BEIJING/LONDON (Reuters) - Top copper miner Codelco may not renew an agreement to supply copper concentrate to China’s Shandong Fangyuan for 2020 because of financial problems at the private smelter, three sources with knowledge of the matter said.
Copper smelters in China are battling razor-thin margins and sliding profits brought on by low treatment charges paid by miners for converting concentrate into refined metal.
Fangyuan in December denied online rumours it had filed for bankruptcy, saying that operations were running normally although it had a “certain degree of liquidity shortage” at the time.
Chile’s Codelco, which asks for upfront payment each year in its rolling supply deals, was discussing sending 20,000-30,000 tonnes of copper concentrate to long-term customer Fangyuan in 2020, two of the sources said. That works out at 6,000-9,000 tonnes of metal content.
There will be “no sales until they have a sound financial shape,” one of the sources said.
A third source gave a range of 20,000-40,000 tonnes of concentrate but said negotiations stopped last month when Fangyuan’s financial problems came to light.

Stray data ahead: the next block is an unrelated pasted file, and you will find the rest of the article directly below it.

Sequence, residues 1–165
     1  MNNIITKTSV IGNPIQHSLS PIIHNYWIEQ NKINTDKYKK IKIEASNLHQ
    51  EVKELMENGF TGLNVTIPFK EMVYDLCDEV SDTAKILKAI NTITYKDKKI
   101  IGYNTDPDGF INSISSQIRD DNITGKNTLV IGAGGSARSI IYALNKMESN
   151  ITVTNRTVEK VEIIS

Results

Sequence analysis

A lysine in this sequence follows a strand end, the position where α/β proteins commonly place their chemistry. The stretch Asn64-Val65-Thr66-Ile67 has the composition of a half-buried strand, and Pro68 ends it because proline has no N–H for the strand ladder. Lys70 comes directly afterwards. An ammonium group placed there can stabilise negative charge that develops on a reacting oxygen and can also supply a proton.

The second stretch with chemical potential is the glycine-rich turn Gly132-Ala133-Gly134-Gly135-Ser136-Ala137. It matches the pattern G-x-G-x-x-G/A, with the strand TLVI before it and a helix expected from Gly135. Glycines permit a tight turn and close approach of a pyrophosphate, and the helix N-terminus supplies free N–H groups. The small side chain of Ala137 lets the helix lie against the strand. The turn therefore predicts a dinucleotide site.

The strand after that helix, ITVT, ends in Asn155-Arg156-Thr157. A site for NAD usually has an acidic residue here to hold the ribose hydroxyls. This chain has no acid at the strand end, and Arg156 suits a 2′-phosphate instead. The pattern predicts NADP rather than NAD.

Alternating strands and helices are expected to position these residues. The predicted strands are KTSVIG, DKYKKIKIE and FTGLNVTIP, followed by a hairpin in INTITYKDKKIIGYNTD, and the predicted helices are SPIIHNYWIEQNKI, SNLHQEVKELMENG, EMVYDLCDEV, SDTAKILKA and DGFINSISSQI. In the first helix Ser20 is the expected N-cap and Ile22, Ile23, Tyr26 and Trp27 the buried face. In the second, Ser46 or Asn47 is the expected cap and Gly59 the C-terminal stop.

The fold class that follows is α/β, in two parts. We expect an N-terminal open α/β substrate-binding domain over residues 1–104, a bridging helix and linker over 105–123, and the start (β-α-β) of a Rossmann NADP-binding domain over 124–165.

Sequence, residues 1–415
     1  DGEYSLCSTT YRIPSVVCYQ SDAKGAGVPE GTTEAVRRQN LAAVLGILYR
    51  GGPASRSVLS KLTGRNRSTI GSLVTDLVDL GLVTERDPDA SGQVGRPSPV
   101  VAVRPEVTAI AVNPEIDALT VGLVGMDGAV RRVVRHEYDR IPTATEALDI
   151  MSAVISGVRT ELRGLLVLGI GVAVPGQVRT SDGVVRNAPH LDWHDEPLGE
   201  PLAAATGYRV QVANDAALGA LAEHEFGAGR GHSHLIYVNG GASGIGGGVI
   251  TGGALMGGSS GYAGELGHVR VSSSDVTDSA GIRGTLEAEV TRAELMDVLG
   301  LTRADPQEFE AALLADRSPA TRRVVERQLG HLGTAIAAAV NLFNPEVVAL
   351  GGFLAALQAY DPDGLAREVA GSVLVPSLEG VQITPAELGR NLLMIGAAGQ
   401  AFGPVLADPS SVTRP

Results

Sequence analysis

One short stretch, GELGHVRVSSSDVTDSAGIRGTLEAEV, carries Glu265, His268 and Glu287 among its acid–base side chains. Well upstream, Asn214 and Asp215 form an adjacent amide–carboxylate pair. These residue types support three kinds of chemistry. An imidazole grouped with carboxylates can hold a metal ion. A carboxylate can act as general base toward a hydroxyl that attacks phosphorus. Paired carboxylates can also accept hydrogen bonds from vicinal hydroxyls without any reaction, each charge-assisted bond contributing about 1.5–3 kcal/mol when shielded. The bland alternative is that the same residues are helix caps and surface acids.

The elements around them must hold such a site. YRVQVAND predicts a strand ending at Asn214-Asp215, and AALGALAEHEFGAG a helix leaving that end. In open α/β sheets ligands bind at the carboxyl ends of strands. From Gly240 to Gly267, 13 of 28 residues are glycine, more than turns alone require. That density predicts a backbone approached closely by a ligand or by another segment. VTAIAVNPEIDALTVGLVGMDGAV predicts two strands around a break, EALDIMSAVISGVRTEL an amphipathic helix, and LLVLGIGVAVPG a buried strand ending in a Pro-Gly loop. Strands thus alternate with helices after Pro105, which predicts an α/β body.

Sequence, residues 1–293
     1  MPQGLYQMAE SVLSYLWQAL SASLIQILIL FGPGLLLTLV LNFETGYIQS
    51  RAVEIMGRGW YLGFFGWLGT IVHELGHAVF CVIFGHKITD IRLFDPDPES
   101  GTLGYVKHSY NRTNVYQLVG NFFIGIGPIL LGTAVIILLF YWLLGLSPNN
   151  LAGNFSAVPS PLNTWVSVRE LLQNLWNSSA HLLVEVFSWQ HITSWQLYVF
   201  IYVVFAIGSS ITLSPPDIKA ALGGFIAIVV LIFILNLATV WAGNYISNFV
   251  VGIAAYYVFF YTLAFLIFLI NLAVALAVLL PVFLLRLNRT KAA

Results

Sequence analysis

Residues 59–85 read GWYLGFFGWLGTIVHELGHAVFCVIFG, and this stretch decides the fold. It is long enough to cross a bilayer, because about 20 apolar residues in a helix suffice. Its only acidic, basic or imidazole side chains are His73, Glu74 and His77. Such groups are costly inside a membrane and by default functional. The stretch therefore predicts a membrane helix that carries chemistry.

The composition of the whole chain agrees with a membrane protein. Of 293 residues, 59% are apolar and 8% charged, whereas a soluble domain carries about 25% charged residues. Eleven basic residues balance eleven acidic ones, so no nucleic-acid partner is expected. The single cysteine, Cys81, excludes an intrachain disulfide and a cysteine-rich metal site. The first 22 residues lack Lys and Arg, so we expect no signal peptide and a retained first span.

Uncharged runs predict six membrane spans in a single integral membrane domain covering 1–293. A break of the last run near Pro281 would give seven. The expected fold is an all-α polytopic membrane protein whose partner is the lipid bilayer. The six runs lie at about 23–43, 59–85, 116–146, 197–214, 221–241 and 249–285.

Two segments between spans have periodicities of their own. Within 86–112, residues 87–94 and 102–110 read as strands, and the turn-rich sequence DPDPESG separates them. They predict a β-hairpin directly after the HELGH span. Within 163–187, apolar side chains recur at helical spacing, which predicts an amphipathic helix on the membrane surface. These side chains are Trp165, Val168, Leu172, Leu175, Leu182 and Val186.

He put the smelter’s current production rate at 25-35% of capacity.
Fangyuan, based in the city of Dongying in eastern China’s Shandong province, has an annual production capacity of 700,000 tonnes of refined copper and accounts for 3% of global output, according to a company statement on Dec. 17, which also said the smelter was actively sorting out its problems.
Fangyuan did not respond to an emailed request for comment on the Codelco supply contract and its current production rate.
Codelco said in a statement the company renewed a supply contract with Fangyuan in 2019 and “for now, we are not in any negotiation”.
A source close to Fangyuan said the company also relied on trading houses such as Trafigura for copper concentrate supply.
The Swiss trader is also a copper cathode purchaser through a prepayment deal with Fangyuan backed by banks.
Trafigura declined to comment.
Reporting by Tom Daly in Beijing and Zandi Shabalala in London; Additional reporting by Julia Payne and Fabian Cambero; Editing by Veronica Brown, Kirsten Donovan